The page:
She also felt aggrieved that her request for a meeting with Pope Francis prior to his coming to Ireland was not acknowledged and more recently complained about a 2002 suggestion made to her by then papal Secretary of State, Cardinal Angelo Sodano, that the Church and the Irish government agree on the destruction of church documentation regarding clerical sexual abuse.

    She also shared the disquiet of LGBT groups that their form of family would not be included among those gathering at the forthcoming World Meeting of Families.

    Accordingly, she will not attend the meeting, nor go to any of the functions at which the pope will appear, and thinks the pope should replace his scheduled visit to the celebrated Marian Shrine at Knock, County Mayo, with a lengthier visit with victims of clerical sex abuse.

    Another critic of Pope Francis is Ian Elliot, who had been the chief executive of the Irish Catholic Church’s National Board for Safeguarding Children from 2007 to 2013, which had provided a definitive statement on the extent of clerical abuse and with which the Irish hierarchy had cooperated. More recently he has found shortcomings in some episcopal cooperation with him, and has concluded that Pope Francis’s record on child protection “has been a dismal failure.”

    His work on clerical abuse in Latin America, Australia, and with the Church of England, have made him doubt “that bishops, the clerical hierarchies, are capable of exercising the sort of judgment that is needed in order to have confidence that the vulnerable will be protected.” His skepticism about bishops and hierarchies might be partly related to his own Presbyterian beliefs and might have helped prompt his conclusion, five years after he had led an inquiry in Ireland, that the problem was not being managed effectively anywhere by the church. The reason was deference to the hierarchy from within.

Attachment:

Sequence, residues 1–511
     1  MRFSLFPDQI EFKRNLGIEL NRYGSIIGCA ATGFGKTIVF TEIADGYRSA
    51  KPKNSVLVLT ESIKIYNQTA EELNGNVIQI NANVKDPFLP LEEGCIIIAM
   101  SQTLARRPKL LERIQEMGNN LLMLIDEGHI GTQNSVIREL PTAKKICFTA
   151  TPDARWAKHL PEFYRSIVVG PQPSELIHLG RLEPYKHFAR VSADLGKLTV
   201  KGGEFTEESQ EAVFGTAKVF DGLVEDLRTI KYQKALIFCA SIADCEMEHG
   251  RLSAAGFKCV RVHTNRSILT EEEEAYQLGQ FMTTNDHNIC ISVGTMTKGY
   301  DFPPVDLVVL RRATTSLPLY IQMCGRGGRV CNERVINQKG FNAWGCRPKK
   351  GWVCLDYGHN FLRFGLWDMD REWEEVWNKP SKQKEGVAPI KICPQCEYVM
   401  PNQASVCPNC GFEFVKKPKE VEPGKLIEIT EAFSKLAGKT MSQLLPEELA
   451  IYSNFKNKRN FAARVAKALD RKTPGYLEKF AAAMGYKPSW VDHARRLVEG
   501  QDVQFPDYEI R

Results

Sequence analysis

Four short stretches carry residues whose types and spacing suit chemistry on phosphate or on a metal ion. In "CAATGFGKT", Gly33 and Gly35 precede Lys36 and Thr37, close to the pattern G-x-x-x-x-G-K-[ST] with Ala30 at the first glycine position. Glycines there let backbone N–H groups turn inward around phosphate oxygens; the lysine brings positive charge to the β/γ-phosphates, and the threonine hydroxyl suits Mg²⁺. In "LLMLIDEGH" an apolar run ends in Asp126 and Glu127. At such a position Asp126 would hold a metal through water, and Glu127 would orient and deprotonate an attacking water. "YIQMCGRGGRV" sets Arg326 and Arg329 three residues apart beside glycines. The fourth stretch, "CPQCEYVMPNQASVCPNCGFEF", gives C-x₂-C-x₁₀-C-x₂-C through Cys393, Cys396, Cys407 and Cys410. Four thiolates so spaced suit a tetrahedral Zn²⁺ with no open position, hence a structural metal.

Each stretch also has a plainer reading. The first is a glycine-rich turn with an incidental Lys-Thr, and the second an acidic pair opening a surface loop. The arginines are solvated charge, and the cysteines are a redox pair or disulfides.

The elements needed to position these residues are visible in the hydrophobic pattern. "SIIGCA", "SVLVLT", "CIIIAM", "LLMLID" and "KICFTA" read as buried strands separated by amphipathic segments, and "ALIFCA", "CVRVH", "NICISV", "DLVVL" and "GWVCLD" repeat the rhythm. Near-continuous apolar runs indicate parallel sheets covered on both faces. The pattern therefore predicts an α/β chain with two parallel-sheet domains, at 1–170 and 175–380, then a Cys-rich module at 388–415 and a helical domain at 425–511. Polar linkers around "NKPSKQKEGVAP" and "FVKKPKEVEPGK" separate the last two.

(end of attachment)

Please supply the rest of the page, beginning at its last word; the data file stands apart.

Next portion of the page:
He concluded “Canon law is badly in need of reform. It’s archaic, it’s ineffective. The whole canonical disciplinary system is ineffective and it needs to be scrapped. There needs to be mandatory reporting,” and “There needs to be independent scrutiny, independent monitoring. If it’s not going to be done by the state—a body has to be created.”

    Another critical commentator on the papal visit is Colm O’Gorman, the Executive Director of Amnesty International Ireland, who himself was a victim of clerical sexual abuse. His own first instinct was to be out of Ireland when the pope would come, because he would “find it particularly galling to be here.” He asserted that “no pope, including this pope, has ever acknowledged the simple proven fact that the Vatican orchestrated and facilitated the cover up of the rape and abuse of hundreds of thousands of children at global level.” As a protest he has promoted a gathering of victims of clerical abuse on the Garden of Remembrance in the heart of Dublin simultaneous with the Mass to be celebrated by the pope at Phoenix Park on Sunday, April 26.

    O’Gorman’s organization has been the recipient of a considerable amount of financial support from the George Soros organization, Open Society Foundations, and has supported the cause of same-sex “marriage” and abortion in Ireland. The prevailing international view of Amnesty International has been as an opponent of totalitarian regimes, genocide and war crimes, rather than combatting clerical abuse or advocating same-sex “marriage” and abortion.

    The closer it gets to the actual date of the papal visit, Irish radio and television seem to emphasize the transportation and logistical difficulties many, especially older people—the age category very likely to be attracted to the Papal Mass at Phoenix Park—will have. Naturally there has also been discussion of the public cost of the event, even though at least half is being born by the Irish Catholic Church and its special collections, and the public portion is comparable, if not less than that incurred upon the visits to Ireland by President Obama and Queen Elizabeth.

    The media and the establishment have been doing their best to dampen popular reception for the pope and they have been helped by the Church’s own failings. But, taking the view of an historian, the Church has endured its own scandals as well as external, often violent, assaults. The recovery of the institutional church has happened in the past, and Irish have often played a significant role in such. This may well happen again. What is ultimately most important is that the Faith will prevail.